Weekend Wrap-Up for May 21-23, 2010
No Good News for Box Office, Shrek, MacGruber
By John Hamann
May 23, 2010
After reading the above, to say that Paramount and DreamWorks have left money on the table is a huge understatement. The filmmakers and the studio are to blame here, as they appear to have made Shrek Forever After with only one intention: to make money. They hired no-name director Mike Mitchell, whose credits included Sky High, the ungodly Surviving Christmas, and the mostly insane Deuce Bigelow: Male Gigolo (yeah, let's get him to direct an animated kids flick!). They spent less on this one than the other films in the series, despite doing Forever After in 3D, which adds another $20-30 million to a movie's budget. This Shrek came in at 54% at RottenTomatoes, and the marketing - at best - smacked of effort (remember when the marketing for these was funny?). Paramount deserves lowered returns for this one.
For DreamWorks Animation, Shrek Forever After doesn't do much better than their other releases since Shrek the Third came out. DreamWorks biggest since that film was Madagascar: Escape to Africa, which opened to $63.1 million in November 2008. Despite the big debut, the Madagascar sequel died after opening, earning only $180 million at domestic cinemas, or less than three times its first weekend. Shrek Forever After is the studio's third attempt at a 3D winner following Monsters vs Aliens ($59.3 million opening, $198 million domestic finish, $175 million budget) and How to Train Your Dragon. Dragon made news for opening soft with $43.7 million, and then made news with its serious legs, as it has earned $210.9 million since then ($218 million will be five times its opening weekend). To hope that Shrek 4 will have Dragon's legs is simply foolish, as Toy Story 3 is only three weekends away.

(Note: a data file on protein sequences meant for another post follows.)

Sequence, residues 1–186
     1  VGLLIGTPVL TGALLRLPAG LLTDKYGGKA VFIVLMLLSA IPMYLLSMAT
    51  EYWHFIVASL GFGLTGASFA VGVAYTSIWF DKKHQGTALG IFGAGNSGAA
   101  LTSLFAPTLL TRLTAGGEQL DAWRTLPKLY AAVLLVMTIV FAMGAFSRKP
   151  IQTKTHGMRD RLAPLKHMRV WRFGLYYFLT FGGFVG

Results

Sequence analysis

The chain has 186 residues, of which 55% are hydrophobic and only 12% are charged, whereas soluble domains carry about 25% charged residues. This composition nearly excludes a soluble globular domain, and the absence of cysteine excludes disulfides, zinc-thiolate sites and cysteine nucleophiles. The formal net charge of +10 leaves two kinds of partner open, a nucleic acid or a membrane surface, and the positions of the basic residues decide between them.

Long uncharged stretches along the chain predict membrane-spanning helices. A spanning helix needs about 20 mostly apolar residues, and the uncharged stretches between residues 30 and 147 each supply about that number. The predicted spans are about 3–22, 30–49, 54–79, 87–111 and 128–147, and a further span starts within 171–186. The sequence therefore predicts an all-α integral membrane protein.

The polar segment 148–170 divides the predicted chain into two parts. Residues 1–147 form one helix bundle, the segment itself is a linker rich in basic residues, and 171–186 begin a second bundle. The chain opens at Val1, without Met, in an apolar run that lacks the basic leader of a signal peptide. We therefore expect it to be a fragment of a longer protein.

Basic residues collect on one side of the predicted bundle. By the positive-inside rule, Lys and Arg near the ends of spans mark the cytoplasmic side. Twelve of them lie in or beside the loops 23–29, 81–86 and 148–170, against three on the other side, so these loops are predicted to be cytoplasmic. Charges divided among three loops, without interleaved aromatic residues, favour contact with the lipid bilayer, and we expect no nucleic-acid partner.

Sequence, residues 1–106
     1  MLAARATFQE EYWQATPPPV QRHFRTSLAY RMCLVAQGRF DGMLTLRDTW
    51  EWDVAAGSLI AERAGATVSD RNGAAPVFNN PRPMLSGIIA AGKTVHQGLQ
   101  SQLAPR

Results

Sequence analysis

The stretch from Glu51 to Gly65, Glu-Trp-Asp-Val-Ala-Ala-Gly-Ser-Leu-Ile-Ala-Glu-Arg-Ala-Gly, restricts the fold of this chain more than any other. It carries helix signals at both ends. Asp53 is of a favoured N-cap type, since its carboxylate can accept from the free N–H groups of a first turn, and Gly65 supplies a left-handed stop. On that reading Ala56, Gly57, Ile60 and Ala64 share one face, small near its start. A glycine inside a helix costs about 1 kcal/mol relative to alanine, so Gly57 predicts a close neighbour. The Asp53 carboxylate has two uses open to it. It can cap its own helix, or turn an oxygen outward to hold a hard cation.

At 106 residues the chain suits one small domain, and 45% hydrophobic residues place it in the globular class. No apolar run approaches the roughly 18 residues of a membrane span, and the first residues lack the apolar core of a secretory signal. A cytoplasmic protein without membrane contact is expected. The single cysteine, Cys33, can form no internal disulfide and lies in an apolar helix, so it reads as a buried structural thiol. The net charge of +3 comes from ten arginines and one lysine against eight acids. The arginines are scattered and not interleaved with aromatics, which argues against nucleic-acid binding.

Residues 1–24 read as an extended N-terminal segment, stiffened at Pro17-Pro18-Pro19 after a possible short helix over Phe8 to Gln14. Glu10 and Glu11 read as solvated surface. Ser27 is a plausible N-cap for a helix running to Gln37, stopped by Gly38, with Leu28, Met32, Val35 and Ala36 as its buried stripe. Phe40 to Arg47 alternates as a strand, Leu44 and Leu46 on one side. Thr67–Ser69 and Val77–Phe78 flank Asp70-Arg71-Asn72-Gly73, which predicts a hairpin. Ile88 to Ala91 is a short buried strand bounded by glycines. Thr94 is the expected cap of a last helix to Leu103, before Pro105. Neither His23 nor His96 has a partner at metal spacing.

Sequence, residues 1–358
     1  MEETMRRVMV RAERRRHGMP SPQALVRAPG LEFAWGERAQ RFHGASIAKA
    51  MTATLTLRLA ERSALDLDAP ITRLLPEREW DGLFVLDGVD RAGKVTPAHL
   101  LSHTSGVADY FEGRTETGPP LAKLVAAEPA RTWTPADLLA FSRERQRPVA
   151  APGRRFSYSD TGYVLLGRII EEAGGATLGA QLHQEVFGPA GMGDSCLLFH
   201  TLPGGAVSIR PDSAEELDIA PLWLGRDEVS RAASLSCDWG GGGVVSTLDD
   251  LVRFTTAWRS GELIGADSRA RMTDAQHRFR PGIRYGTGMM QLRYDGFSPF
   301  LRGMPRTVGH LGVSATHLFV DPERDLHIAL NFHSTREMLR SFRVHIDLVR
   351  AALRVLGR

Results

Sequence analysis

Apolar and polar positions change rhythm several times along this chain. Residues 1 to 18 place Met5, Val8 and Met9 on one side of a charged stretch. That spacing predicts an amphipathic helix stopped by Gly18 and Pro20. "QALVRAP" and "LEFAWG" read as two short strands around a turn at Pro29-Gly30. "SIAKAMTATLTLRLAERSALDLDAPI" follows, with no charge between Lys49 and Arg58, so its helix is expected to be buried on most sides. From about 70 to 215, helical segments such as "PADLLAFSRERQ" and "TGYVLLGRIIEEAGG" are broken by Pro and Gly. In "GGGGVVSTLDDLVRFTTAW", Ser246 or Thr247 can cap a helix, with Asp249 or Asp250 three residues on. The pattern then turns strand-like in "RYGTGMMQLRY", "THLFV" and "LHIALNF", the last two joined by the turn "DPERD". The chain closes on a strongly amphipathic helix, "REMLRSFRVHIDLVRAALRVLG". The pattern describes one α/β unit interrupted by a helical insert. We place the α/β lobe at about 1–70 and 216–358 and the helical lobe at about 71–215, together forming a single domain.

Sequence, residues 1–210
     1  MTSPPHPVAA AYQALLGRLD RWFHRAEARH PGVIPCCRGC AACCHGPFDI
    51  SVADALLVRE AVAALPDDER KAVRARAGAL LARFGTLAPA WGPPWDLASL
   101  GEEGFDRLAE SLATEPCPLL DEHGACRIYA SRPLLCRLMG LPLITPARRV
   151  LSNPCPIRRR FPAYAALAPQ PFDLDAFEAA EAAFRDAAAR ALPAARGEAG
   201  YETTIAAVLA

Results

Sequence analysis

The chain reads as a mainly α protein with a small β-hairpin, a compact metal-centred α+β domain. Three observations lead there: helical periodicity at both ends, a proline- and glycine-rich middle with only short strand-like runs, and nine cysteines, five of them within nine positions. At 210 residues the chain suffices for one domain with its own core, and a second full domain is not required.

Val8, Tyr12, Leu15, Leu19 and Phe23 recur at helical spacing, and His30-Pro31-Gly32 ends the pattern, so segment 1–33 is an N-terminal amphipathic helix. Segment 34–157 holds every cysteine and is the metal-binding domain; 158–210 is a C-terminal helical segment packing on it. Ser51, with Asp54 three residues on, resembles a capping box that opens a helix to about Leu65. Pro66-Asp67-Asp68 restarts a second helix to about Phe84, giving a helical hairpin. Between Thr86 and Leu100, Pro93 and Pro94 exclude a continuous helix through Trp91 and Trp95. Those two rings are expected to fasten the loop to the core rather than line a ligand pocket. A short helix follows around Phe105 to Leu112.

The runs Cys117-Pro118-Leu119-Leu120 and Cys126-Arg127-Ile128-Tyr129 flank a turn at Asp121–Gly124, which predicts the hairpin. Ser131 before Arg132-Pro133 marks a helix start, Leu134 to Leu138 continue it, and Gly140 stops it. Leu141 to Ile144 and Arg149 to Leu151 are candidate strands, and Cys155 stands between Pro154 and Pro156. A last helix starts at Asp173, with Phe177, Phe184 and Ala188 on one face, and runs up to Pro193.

Iron Man 2 finishes second, but even Robert Downey Jr. can't deliver good news to the box office. After dropping 60% last weekend from its $128 million opening, Iron Man 2 stumbled again this weekend, earning $26.6 million. That gives Iron Man 2 another severe drop of 49%, and a running total so far of $251.3 million. The original Iron Man had much better legs. It did drop 50% in its second weekend, but then brought that drop up to only 38% in its third weekend when it earned $31.8 million. The law of diminishing returns now tells us that Iron Man 2 is going to earn significantly less than the original did, the question is now by how much. Iron Man 2 still has a good shot at $300 million, but it's going to need to depreciate less than 50% in the next two frames. Overseas grosses are starting to outshine domestic returns, but the likelihood of being a worldwide billion dollar winner is quickly waning.
Iron Man 2's biggest problem is that it's playing like a later sequel. Using Spider-Man 3 and Pirates of the Caribbean: At World's End as examples, we will see the trend. The last Spider-Man flick opened to a huge $151.1 million before falling 62% in the second frame (Iron Man 2 fell 59.4%). Spidey 3 then had a third weekend drop of 50.1%, bringing its weekend gross down to $29 million. After 17 days, Spider-Man 3 had earned $282 million after 17 days. Pirates of the Caribbean: At World's End opened to $114.7 million, and dropped 61.5% in its second frame. It then fell 52% in its third frame, finding $21.1 million. Pirates had a cume of $253.4 million after 17 days. The last thing Paramount wants is for audiences to be "checking out" on the character after after only two movies.